AB:  This is the kind of challenge for which Abdul Latif Jameel Health was designed.  It was the vision of Mohammed Jameel that we become a critical part of the innovation chain, because innovation is not just what happens in the lab.  That’s the starting point, of course, but innovation is also about finding new ways, faster and more effective ways, to deliver those therapies to patients.  We see ourselves as the deliverers of that promise of innovation.  These drugs are going to be absolutely central in transforming patient care, in prolonging life, in making cancer treatment better tolerated.  The promise is there, and we see delivery as an integral part of that innovation journey.

What do you see as the biggest challenges for EQRx in achieving your ambitions?

MN:  Our first challenge is to develop our catalogue of medicines and build up our organization at scale.  To do that you need to be able to do two things.  One, you need to attract some of the best talent in the entire industry.  Two, you need to be able to mobilize significant capital to build an enterprise rapidly at scale.  We’ve been working really diligently from the get-go on both.  On the people front, we have established a talent brand that’s really unique, both because of our social mission, which is really exciting to people, and also because of the culture at EQRx that rewards enterprise and innovation.  People are encouraged and empowered to try to do things differently, even if we know that some of the ideas might not work.

AB:  For us, the challenge is to implement this uniquely innovative and disruptive model.  We need to go out and change people’s perceptions about how the drug market works.  We don’t want to have armies of sales reps hovering around corridors in hospitals, which is a huge waste of productive time, but rather focus on service, education, distribution.  Partnering with healthcare authorities, regulators, and healthcare providers in general is going to be a key success factor for us as we build a new model of medicine where patients are actors in their own health.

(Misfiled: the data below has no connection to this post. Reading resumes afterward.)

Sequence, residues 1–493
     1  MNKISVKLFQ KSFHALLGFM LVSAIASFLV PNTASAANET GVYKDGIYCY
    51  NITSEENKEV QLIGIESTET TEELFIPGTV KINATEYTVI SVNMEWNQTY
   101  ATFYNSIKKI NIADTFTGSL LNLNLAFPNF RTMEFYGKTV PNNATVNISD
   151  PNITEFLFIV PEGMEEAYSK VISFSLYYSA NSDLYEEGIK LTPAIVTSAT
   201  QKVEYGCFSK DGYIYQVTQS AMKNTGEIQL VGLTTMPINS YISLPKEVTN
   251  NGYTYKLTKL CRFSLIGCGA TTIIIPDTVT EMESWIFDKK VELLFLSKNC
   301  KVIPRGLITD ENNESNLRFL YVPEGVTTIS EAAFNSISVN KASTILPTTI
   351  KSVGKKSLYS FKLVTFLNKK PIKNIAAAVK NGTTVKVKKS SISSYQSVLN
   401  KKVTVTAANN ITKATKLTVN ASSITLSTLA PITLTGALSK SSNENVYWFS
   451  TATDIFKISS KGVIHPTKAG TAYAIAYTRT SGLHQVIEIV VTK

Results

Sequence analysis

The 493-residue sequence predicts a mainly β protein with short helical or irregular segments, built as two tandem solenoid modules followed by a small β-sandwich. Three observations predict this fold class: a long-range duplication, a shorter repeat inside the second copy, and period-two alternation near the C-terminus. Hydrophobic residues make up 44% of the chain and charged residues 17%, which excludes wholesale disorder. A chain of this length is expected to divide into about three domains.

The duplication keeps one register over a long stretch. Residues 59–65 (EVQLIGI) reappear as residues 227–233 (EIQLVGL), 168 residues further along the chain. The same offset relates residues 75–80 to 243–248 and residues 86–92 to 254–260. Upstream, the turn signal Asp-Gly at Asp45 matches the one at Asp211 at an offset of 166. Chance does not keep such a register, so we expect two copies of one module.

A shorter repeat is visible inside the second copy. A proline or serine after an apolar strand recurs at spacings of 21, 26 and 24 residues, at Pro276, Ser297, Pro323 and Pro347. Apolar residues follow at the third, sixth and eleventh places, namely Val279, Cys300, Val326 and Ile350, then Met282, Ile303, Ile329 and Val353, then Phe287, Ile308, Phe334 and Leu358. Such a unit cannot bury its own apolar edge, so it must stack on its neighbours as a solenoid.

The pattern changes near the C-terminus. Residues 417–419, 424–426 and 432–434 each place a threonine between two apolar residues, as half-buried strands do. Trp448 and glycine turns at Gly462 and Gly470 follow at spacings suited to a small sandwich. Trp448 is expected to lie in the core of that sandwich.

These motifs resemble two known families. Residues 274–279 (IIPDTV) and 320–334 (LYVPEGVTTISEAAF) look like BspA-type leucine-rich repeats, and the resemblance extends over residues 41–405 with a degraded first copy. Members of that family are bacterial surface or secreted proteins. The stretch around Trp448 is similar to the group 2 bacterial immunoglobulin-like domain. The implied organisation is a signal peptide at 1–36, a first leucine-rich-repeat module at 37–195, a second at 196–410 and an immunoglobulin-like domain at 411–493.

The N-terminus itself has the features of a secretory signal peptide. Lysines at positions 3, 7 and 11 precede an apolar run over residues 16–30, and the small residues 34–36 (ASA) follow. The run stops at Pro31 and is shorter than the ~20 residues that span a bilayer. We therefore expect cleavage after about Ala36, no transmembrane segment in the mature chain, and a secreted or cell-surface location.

Finally, what’s next for you both?

MN:  We’ll be focusing on building our catalogue and our organization.  We have over 10 programs in our portfolio right now.  Of these, five are clinical-stage programs, including aumolertinib and sugemalimab.  We also have another immunotherapy option in our portfolio.  We have a breast cancer drug, and we have a drug for major immuno-inflammatory diseases, like rheumatoid arthritis and atopic dermatitis.  After those, we have several earlier-stage programs that we’re developing.  These include both oncology and immuno-inflammatory diseases, and then most recently, we’ve announced several drug engineering collaborations with companies.  By 2025 or 2026, we expect to be addressing more than 20% of the spend of a trillion-dollar global branded drug market.  And that’s a hugely exciting prospect.

AB:  We can’t wait to be part of that journey.  We’re looking forward to working with Melanie and the team at EQRx and really starting to put our strategy into practice.  That’s when the work really starts.  We’re super-excited.  We would love to see patients get access to these exciting new drugs as soon as we possibly can, and we’ll do all we can to achieve that over the next few years, and hopefully beyond.